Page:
Roughly 14% of poll-takers said they wouldn’t approve of any projects.

Younger poll takers were more likely to support the reconstruction of Byron Kibler, while older voters placed a greater emphasis on maintenance, safety and security.

Wants, needs and big needs

Though not an overwhelming mandate, the board agreed there was a clear line: The Kibler rebuild and funding for safety and maintenance both have a strong chance with voters. They coalesced around the idea of putting a trimmed-down bond with only those measures on the November ballot.

“In my initial review … that was a popular sentiment and comment,” district communications director Jessica McCartney said, “wanting to see the projects broken up over time, and wanting the district to demonstrate trust and transparency.”

A smaller-scope project could be an opportunity to earn that trust, McCartney said. And district staff voiced the idea that putting the bond on the ballot, win or lose, demonstrates that the district’s needs really are needs.

Whether or not the board puts a scaled-back bond on the November ballot, they can still direct the district to put together a community task force for future bond efforts and to address growth in Black Diamond, McCartney said.

The board will have an opportunity to visit the matter again during their June 20 general meeting and provide a sharper estimate of the hypothetical bond’s cost.

“The idea of losing is difficult,” athletics director Phil Engebretsen said, “but (consider) the urgency of Kibler and JJ.”

Delaying a ballot measure could make voters wonder how urgent the Kibler rebuild really is, he said.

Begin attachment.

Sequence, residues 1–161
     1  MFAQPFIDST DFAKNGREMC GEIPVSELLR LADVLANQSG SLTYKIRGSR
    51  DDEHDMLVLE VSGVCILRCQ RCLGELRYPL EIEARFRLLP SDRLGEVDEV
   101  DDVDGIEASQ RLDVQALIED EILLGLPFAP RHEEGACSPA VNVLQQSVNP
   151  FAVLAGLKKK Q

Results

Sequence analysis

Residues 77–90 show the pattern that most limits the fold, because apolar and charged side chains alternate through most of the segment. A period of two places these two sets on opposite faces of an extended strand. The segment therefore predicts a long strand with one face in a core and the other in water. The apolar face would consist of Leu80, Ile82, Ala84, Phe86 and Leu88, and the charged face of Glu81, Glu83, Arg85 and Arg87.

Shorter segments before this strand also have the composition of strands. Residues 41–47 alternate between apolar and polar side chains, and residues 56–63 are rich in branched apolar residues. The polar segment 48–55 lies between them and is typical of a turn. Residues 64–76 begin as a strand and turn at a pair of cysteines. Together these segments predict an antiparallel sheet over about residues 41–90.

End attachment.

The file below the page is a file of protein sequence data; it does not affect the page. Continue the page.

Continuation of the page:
Kibler and the JJ Smith buildings are seismically unsound, leave students exposed to the elements and create a liability issue for the district should disaster strike, Carey said.

“There is a sense of urgency around replacing that school,” Carey said. “There just has to be. That’s a safety issue.”

And even if the bond measure fails around the margins of the poll — such as by getting 55% of the vote — “we’re moving in the right direction,” director Paul Fisher said. (Bonds and non-school levy measures require a minimum 60% “yes” vote to pass under the state constitution.)

“If we don’t show a sense of urgency … we’re kind of losing some of the momentum, the honesty with the community,” Fisher said.

Board members also shared disappointment that turnout in the election was not higher, especially among the Ten Trails families who buoyed the “Yes” vote.

Around 73% of voters in BD-3849 and BD-3976, the precincts that include Ten Trails, voted in favor of the bond. But only about 35 to 39% of registered voters there voted.

Compare that with voters in Krain, who rejected the bond by 79%. About 57% of registered voters there cast a ballot in the election.

“I was so disheartened to see what a low turnout there was in Ten Trails,” director Lori Metschan said. “Are these the same people complaining that their kids are being bussed to Westwood (elementary)?”

As far as desires to carve out a Ten Trails elementary school from the district’s asks, Matschan stressed that the district is not an “a la carte” menu: “We’re all in this together. It’s not pick or choose depending on which side of the bridge you live on.”

Director Tyson Gamblin said the district is fortunate that land for new schools has already been set aside at Ten Trails.

“I don’t think people realize how lucky we are as a district that we have that,” he said. “Show me a Master Plan Development in the USA where they build the school. … That’s just not how it (ordinarily) works. … (And) the reality is, as we move forward, Black Diamond is going to dwarf Enumclaw in assessed value. We’re not far away from that.”

Gamblin also bemoaned the idea that projects like a new stadium aren’t a need for the community — “you pay for it now at a cheaper rate than when you will need it in 15 years,” he said — but acknowledged that some needs “are more important than others.”